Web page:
Guide to Scotland
   Gateway to the British Isles since 1996
A Brief History of Scotland

Presented by Peter N. Williams, Ph.D.

Chapter 9: After Culloden

The island of Britain had suffered a tremendous shock by the near success of the Jacobite rebellion. The nation was accustomed to fighting its battles at sea or on territories other than its own. It was unnerving, to say the least, that an enemy army, recruited from its own population, had been able to penetrate so close to the nation's capital. Especially since that army had been composed mainly of Highlanders, a backward people as far as most of the English were concerned. Furthermore it had also been an ill-equipped, ill-prepared and often ill-led army but one that had won so many battles against the troops entrusted to defend the British constitution.

Great relief at the suppression of the rebellion found expression in the first public appearance of the new British anthem "God Save the King." Just four months after Culloden (the old song, often used by supporters of the Stuarts had now been appropriated to lustily praise the Hanoverian king). Fears about future rebellions and the inadequacy of Britain's security were now instrumental in the measures taken to control the Highlands.

The trials held after the '45 showed that the government not only wanted to punish those responsible -- those who held the power within Highland society -- but wanted to prevent a recurrence of the revolt by destroying any social and governmental basis it possessed. The absolute will of the Scottish lairds was to be replaced by the execution of the king's laws. Legislation of 1746 and 1747 was passed to weaken the independence of the Highlands. Public executions of those loyal to the Jacobite cause impressed upon the Scottish people the need to toe the line.

The lands of the Jacobite chiefs were forfeited and a determined effort was made to end the clan system once and for all. Yet, as more than one historian has pointed out, the great lords on the fringes of the Highlands such as Argyll, Montrose, Gordon, Atholl and others lost their baronial rights, in the more remote regions, the power of the chiefs had been patriarchal rather than feudal, personal rather than legal and territorial. It was the inexorable advance of a money economy into the Highlands that followed the rebellion, and not the effects of any royal statute that finally ended their supremacy.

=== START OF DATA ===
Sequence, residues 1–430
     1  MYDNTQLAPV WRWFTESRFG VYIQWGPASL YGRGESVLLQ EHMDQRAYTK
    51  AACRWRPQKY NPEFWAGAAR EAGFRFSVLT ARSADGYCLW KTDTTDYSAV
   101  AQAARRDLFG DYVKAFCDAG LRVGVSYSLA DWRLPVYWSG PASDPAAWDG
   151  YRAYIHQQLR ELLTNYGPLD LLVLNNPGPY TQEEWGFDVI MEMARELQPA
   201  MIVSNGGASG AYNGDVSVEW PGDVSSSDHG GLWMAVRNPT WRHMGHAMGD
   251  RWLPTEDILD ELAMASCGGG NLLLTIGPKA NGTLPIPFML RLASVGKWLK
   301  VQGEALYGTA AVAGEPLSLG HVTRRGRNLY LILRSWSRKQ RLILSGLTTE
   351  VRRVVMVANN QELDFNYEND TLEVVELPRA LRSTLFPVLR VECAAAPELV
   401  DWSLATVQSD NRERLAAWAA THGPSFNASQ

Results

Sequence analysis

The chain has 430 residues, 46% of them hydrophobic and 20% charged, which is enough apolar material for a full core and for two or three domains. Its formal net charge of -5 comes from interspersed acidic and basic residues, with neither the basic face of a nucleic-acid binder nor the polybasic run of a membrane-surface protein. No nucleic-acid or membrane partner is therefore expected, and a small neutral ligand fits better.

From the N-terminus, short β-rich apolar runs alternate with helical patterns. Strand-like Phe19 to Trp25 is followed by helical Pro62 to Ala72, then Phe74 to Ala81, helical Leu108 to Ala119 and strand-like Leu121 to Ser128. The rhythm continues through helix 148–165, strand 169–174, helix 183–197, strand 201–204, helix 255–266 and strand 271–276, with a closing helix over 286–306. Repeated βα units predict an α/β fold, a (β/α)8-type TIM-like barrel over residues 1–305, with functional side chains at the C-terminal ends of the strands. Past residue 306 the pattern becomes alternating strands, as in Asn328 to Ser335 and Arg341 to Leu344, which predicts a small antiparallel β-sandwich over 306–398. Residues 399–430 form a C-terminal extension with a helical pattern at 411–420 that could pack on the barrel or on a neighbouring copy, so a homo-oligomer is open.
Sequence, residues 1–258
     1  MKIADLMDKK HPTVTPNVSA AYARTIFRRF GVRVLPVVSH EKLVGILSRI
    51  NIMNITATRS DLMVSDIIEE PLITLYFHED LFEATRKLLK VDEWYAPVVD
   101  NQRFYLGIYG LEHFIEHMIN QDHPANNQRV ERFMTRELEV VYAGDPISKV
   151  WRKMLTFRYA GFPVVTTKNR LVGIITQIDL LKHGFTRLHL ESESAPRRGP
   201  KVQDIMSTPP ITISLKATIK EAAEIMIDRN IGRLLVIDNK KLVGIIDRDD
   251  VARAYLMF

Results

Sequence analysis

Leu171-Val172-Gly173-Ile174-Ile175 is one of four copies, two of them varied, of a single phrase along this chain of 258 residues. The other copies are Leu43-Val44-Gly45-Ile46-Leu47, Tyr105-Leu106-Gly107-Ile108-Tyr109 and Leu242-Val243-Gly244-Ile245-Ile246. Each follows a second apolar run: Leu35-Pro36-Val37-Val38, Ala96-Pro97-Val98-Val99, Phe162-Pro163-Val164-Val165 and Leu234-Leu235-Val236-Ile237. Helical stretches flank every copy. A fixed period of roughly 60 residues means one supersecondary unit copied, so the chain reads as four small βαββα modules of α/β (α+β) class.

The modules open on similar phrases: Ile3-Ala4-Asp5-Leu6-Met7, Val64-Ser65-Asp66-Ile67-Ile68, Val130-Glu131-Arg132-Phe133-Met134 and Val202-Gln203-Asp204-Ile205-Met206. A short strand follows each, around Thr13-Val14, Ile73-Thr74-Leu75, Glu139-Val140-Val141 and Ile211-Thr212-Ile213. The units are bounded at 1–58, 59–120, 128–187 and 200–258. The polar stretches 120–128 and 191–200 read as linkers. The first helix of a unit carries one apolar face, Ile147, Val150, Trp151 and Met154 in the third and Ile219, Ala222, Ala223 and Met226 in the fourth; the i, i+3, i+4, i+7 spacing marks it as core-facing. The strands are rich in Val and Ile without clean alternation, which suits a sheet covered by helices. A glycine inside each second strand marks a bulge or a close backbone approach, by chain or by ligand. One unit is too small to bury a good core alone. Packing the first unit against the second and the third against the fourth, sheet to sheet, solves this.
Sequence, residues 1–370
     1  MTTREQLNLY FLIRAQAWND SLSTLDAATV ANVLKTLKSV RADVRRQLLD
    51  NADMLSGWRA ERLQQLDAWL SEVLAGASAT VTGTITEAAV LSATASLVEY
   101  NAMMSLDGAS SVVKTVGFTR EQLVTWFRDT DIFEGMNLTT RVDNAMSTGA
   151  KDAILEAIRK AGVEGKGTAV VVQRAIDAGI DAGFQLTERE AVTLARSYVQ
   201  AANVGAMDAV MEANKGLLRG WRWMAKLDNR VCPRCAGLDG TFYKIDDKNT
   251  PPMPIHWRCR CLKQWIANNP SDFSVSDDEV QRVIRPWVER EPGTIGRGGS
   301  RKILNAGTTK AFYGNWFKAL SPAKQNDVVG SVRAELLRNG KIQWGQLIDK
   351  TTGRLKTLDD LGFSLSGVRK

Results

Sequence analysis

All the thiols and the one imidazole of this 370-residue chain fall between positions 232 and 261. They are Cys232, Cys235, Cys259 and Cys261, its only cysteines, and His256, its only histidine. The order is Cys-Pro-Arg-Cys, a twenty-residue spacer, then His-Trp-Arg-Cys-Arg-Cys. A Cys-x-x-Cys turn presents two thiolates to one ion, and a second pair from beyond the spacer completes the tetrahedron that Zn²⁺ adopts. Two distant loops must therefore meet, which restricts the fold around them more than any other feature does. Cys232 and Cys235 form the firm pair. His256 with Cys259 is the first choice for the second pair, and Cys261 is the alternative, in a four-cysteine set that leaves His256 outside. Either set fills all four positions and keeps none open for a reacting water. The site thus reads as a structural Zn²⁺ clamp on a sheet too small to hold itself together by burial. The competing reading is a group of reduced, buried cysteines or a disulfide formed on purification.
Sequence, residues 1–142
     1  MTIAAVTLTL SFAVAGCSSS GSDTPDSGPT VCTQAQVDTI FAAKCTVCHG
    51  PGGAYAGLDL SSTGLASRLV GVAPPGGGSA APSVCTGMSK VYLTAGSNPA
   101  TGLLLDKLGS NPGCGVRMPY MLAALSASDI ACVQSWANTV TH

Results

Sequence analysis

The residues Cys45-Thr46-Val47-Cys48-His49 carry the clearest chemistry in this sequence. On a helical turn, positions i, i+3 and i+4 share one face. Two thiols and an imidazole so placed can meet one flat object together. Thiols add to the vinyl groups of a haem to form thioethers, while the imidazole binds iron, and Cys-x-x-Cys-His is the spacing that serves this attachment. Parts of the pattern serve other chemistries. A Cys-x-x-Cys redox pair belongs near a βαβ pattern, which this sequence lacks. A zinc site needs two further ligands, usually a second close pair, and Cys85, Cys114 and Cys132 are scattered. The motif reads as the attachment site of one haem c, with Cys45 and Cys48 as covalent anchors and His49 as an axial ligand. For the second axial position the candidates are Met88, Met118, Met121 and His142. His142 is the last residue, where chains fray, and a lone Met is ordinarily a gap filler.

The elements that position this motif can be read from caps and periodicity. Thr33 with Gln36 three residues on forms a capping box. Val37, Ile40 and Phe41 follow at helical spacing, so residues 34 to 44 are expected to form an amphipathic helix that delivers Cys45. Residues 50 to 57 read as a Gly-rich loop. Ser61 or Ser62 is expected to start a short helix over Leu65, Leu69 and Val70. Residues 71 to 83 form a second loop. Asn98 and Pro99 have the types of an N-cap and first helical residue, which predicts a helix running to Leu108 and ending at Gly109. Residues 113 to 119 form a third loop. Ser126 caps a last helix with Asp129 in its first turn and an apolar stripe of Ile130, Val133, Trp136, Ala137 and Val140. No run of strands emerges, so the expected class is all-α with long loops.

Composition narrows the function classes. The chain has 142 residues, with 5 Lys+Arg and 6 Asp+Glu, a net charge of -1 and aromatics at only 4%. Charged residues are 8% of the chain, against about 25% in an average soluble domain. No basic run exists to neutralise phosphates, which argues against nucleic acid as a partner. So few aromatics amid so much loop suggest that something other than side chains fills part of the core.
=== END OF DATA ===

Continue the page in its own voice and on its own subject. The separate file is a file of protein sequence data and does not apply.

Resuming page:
The Disarming Act of 1746 forbade the carrying and concealing of arms, made broadsword illegal and the search for them legal. The wearing of Highland clothes or plaid was prohibited to all except serving soldiers of the Crown. Another act was passed to suppress nonjuring, meeting houses, considered "seminaries of Jacobitism" and "nurseries and schools" of rebellion.

In 1747 the principal heritable jurisdictions were abolished as were regalities, with the latter's jurisdictions assumed by the royal courts. Heritable sheriffdoms were abrogated and their powers transferred to the Crown. In Edinburgh, in 1746, a publication made clear the government's belief that legislation would extinguish the Jacobite menace: "Superiorities display'd: or Scotland's grievance, by reason of the slavish dependence of the people upon their great men; upon account of holdings or tenures of their lands, and of the many and the hereditary jurisdictions over them. Wherein is shown, that these have been the handles of rebellion in preceding ages, especially in the year 1715: and that, upon their removal, and putting the people of Scotland on the footing of those in England, the seeds of rebellion will be plucked for ever."

The great Civil war that had taken place in Britain in the middle of the 18th century, resulting in the defeat of the Highland clans at Culloden, brought to an abrupt end centuries of a way of life that we can call Celtic, for after Culloden and the defeat of Jacobitism, a social system we can simply call British was imposed on the Highlands. For British, we can substitute English, for all hopes of wresting back control of Scotland from Westminster were now effectively ended. Welsh hopes for eventual independence had died in 1536 with the Act of Union. Thus the successful referenda of the 1990's that will bring back limited control of their own affairs to these two Celtic nations is all the more remarkable. After all, even the pipes had been prohibited after Culloden.

Chapter 10: Scotland Resurgent